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Here's a couple brief clips from the recording I just made of the band.  I was on top of a ~25ft scaffolding, right above the drum major and almost directly in front of the pit instruments.  Even at that height, I chose to point the mics almost straight out parallel to the ground, rather than angled down as I would normally do when recording from high up.  If I had angled down, the pit would have been even hotter in the recording than it was.  These mics are really subcards though despite what the manufacturer says, so I felt it was a good compromise (check the polar response here: http://www.lineaudio.se/CM3.html).  As I said before, I won't be able to have this placement ever again this season, but it was the only option as they were playing on a practice field and not in a stadium.  This was my first run with the CM3s and the Tinybox, and was the first public run of the show for the band.

Line Audio CM3 (NOS) > Tinybox (+28dB) > M10 (lv 4)

https://www.dropbox.com/sh/pqzc6tgfd5gpigv/AAAcODTLiJRW0Riyj2xbLuHwa

Oh, and back to the original purpose of this thread - I was using the Church Dead Rats on the CM3s, but they barely fit without room for the foam screens underneath.  It was threatening rain and was quite breezy so they did their job well I think.  I just ordered a pair of TBrown's Muppets so I can have a set that are appropriately sized for these mics and will allow me to use the foam screens as well.
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Offline 2manyrocks

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Do you happen to have any pictures you could post?  I'm curious about the position of the band relative to the mics and also curious about the size of each section in the band.  In the first clip, the brass seemed weaker than the percussion which I'm assuming was due to the percussion being closer to the mics? 

Offline voltronic

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Sorry, no pictures and I'm already pushing what I feel comfortable with posting.  This is a school, remember.  I'm looking at the video and can tell you that in the first clip the winds and brass are in a straight across "company front" with the saxes left; flutes and clarinets center, and brass to the far right.  They move a bit after that but the L-R distribution stays generally the same during that clip.  The drum line is to the left behind the saxes.  The drumheads are pretty much aimed right at the mic position, wheras the horn facing is more or less straight ahead - not towards the 50 where I was.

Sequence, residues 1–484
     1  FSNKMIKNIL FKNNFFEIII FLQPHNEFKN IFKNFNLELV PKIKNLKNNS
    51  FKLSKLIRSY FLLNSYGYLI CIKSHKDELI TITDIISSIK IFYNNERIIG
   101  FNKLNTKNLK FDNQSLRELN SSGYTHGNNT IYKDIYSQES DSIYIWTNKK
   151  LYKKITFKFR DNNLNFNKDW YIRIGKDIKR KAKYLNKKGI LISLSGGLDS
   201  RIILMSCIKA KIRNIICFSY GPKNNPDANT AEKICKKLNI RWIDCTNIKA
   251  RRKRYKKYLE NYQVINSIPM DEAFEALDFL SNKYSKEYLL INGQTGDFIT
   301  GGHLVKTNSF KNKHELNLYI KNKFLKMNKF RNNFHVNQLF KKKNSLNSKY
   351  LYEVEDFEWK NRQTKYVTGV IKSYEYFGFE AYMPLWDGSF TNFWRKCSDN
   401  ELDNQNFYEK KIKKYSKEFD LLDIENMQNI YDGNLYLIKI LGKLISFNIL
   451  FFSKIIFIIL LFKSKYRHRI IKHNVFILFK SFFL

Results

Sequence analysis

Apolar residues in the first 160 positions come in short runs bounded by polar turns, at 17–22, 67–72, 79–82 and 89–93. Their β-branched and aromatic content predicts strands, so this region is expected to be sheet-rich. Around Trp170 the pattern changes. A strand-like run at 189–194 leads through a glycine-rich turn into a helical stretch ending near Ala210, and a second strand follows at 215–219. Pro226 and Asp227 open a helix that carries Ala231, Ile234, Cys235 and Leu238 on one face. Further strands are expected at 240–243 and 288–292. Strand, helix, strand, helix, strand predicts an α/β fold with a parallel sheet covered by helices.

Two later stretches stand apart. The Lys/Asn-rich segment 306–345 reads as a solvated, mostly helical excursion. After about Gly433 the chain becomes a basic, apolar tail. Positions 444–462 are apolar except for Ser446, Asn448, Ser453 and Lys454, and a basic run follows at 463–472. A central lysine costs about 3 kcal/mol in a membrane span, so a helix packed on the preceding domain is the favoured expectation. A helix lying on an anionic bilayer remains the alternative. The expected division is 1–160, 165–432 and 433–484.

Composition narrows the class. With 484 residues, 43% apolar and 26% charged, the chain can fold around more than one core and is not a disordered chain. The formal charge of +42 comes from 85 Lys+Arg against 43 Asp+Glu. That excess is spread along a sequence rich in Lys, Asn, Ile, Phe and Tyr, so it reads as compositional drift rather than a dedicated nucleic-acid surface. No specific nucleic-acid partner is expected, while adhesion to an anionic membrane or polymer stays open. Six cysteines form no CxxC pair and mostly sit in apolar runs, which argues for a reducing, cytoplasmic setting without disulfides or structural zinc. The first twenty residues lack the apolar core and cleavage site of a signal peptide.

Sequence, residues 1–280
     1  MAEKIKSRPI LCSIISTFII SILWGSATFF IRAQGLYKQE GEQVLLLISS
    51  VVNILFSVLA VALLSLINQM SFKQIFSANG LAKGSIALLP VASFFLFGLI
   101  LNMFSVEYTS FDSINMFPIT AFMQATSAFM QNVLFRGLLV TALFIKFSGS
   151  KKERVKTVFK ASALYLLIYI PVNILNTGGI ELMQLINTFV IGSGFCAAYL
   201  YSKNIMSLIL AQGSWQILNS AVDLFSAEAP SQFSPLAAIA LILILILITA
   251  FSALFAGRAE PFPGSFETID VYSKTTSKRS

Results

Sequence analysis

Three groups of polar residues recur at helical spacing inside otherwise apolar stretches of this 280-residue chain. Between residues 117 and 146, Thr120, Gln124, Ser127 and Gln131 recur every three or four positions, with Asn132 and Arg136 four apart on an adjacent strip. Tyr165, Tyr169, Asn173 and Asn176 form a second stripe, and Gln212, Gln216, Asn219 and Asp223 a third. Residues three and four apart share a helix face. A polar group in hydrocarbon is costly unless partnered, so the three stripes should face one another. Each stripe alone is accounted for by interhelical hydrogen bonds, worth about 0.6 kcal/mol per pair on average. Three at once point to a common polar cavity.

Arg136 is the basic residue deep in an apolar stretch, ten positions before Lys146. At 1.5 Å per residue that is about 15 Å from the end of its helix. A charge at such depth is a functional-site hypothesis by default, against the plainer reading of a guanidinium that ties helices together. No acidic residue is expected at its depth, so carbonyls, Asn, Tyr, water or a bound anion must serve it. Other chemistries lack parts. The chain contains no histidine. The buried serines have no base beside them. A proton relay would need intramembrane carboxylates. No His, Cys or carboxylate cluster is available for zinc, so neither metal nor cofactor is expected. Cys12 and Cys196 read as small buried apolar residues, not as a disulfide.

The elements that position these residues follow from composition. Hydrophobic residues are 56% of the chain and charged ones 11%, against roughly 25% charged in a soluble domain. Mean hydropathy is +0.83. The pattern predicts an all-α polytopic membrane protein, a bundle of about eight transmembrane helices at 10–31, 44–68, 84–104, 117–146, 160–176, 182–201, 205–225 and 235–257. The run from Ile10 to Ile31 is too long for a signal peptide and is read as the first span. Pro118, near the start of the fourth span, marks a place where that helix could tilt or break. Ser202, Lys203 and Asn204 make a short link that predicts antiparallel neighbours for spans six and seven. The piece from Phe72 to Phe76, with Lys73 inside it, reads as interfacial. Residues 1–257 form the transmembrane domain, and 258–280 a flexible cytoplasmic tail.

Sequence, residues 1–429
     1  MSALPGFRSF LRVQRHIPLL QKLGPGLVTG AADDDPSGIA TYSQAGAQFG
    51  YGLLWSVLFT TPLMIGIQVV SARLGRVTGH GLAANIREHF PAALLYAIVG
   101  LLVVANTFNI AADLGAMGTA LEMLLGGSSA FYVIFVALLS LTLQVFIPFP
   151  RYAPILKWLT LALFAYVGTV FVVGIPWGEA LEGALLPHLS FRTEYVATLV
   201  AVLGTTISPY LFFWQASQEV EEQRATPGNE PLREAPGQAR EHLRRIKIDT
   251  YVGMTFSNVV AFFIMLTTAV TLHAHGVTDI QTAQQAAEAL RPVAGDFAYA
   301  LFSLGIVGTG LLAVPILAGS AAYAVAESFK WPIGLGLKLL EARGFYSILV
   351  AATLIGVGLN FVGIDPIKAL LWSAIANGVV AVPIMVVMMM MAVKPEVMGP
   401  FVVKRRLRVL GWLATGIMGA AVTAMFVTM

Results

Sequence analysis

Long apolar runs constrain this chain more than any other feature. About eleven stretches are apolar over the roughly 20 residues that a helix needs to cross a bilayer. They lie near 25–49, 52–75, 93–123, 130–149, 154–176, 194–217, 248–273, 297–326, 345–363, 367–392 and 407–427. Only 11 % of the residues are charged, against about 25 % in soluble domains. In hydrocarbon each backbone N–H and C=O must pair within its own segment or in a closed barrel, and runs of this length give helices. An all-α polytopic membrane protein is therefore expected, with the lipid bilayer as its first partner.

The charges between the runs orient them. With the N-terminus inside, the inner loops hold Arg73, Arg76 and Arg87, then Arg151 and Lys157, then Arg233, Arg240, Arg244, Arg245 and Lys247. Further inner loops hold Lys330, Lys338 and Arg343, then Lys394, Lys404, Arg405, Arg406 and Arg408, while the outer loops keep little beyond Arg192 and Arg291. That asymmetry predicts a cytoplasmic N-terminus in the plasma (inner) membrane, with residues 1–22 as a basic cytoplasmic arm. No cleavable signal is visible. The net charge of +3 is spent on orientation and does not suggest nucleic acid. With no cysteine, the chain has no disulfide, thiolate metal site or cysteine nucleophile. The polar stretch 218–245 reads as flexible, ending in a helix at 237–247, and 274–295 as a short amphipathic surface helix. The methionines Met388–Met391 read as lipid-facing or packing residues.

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Offline JimmieC

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cool
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Offline bombdiggity

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Large ensembles are always hard to record.  Add outdoors and moving and whatever other variables and it seems fortunate to end up with any good representation. 

IMO internal balance is mostly a function of the players (in any band really, though especially of this size) and they're not hearing it the same way the audience does.  Regardless it usually takes a lot of experience for players to get that aspect nailed down (some never do!).  Individual micing is not a panacea even with a fixed seated group, so to a large extent you get what you get bounded by some limited range of technical choices you may be able to make on the margins. 

This is pretty impressive.  The band is good too.  Interesting to hear those mics in use in a very different setting. 
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Offline voltronic

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Thanks bomb.  The kids are working really hard and performing in that setting is very difficult.  And it's worse if you have reverb from stands in a stadium.  You have to completely trust the drum major and ignore what you're hearing from a timing standpoint otherwise it's a hot mess rhythmically.

As far as a different setting, there's a chamber choir I sing with and I've offered to record our performances in October.  Last time I recorded us it was with CA14s so I'm looking forward to trying out the new rig for comparison.  I really love these mics so far, and I think it's a shame they aren't more popular outside of Europe.
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Offline rocksuitcase

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I like the sound of these clips. I would agree that aiming parrallel to the ground is "better" than aiming downward toweard the band.